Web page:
lening, and many other Ways and Methods of
t alcing
taking away the Life of another MaiL 2. He
that doth any Ways contribute defignedly to
take away his Neighbours Life, as breaking a
Hole in the Ice, over which a Man is to pafs in
the Night; or fetting his Neighbours Houfe on
Fire, &c. And in this Clafs of Murtherers, are
all' Rebels and Traitors, who contribute to
brins the Sword of War into their own Coun
try i as alfo thofe, who give or accept Chal
lenges to fight Duels, are to be accounted Tranf-*
greifors of this Commandment. 3. Thofe who
will force Men to Work or Drink more than
their Strength is able to bear ; and in a Word,
all thofe who contribute to throw others into any
Excefs of A nger or Sadnefs, or any other parti
cular Paffion, deftrudive of Mans Health, do
violate this Commandment:
Q_. Are Soldiers and Judges to be reputed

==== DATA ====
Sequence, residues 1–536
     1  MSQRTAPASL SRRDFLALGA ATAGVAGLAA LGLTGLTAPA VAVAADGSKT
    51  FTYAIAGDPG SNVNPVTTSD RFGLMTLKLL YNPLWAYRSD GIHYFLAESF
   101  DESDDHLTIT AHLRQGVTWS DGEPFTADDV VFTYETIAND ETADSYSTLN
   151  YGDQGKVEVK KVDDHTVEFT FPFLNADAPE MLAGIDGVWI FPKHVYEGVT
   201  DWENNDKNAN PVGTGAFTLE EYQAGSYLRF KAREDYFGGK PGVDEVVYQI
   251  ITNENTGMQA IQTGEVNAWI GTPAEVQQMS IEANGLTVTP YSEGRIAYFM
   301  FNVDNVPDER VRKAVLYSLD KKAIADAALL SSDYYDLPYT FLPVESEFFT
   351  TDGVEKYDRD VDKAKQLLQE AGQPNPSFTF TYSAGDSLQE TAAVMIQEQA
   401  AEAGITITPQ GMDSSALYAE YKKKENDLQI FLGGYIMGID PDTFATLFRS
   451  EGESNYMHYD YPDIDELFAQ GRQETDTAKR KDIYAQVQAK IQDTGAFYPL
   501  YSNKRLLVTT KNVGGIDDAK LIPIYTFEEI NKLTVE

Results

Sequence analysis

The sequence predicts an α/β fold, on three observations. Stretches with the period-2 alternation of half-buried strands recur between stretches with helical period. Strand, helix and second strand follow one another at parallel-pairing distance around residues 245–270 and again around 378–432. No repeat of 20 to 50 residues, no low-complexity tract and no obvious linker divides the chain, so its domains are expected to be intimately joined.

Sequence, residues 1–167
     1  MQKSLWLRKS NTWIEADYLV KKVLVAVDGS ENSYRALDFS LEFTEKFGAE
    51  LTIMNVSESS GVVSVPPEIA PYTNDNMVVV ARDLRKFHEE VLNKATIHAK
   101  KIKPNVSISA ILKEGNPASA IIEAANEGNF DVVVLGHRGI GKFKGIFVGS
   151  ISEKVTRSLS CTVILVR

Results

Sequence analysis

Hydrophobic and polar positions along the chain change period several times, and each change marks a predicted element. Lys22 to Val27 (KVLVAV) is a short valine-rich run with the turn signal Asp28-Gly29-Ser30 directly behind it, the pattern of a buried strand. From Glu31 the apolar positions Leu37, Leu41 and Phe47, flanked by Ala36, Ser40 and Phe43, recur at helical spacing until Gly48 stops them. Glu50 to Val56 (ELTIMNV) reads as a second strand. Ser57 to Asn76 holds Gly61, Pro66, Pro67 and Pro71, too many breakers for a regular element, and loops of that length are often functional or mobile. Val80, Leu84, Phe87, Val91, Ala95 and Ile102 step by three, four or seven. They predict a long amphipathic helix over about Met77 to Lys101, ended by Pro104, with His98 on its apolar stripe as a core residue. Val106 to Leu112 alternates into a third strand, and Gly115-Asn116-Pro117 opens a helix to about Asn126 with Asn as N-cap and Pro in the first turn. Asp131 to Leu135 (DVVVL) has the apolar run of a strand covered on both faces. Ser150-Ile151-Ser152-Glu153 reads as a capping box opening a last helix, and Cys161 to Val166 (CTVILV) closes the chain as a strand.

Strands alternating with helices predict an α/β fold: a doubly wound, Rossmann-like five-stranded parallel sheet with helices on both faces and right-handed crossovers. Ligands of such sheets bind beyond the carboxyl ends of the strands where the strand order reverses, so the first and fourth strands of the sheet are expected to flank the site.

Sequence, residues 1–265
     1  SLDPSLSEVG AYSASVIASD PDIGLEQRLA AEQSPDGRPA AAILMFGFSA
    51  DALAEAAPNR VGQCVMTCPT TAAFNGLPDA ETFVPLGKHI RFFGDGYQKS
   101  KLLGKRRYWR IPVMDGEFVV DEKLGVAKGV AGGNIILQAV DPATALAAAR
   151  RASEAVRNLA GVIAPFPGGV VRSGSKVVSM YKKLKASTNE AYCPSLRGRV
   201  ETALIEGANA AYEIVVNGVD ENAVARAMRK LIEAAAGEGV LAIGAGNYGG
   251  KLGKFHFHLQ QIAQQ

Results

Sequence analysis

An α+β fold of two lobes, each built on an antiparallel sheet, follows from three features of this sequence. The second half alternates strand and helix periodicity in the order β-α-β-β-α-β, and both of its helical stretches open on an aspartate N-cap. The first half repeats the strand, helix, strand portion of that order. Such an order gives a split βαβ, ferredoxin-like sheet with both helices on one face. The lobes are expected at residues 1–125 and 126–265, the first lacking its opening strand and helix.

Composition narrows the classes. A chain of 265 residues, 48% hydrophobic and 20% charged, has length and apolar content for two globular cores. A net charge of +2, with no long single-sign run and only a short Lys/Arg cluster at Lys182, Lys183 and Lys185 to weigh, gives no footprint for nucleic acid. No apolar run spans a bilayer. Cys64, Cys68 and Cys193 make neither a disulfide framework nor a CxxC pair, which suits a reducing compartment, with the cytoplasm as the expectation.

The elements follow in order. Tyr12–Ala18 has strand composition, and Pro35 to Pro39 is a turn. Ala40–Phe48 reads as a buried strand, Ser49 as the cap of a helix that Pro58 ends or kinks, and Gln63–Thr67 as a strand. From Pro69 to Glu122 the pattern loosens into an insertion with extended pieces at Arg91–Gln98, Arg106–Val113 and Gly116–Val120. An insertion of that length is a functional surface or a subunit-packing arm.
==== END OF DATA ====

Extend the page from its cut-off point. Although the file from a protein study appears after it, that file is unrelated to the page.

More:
Tranfgreflors of this Commandment, when they
put any Man to Death ?
A. No : For Judges do but execute the Pow
er entrufted to them by God ; neither do Sol
diers tranfgrefs this Commandment, when they
kill the Enemy; for they do but comply with
their Duty, when, in Defence of their Country,
and in Obedience to their Sovereign, they do
kill their Enemies ; but it is the Duty of Prin
ces, to fee that the War be undertaken for
juft and fubftantial Reafons.
Qj I s it then a Sin to lay violent Hands 011
curielves ?
A. Without doubt : For God, and not our
felves, has Power to difpofe of our Lives, and
therefore we muft exped Death patiently, and
[ * ]
not hafteil itj and bring it wilfully on ou
Q. What does God forbid in the Seventh
Commandment ?
A . He forbids Adultery.
Qn What is Adultery ?
A. I t is an unlawful Converfation of Man
with a married Woman, or a Woman with
a married Man* which is more particularly
forbidden in this Commandment, which com
prehends alfo Fornication, and all other Kinds
of Carnal Uncleannefs.
Q. I s it a Sin to converfe carnally with
ones own Wife ?
A. Marriage is a Divine Inftitution, ordered
for the mutual Affiftance and Propagation of
The Duty of Man and Wife is to love and
honour one another, for the better Managing
of the Affairs of a Family, and pious Edu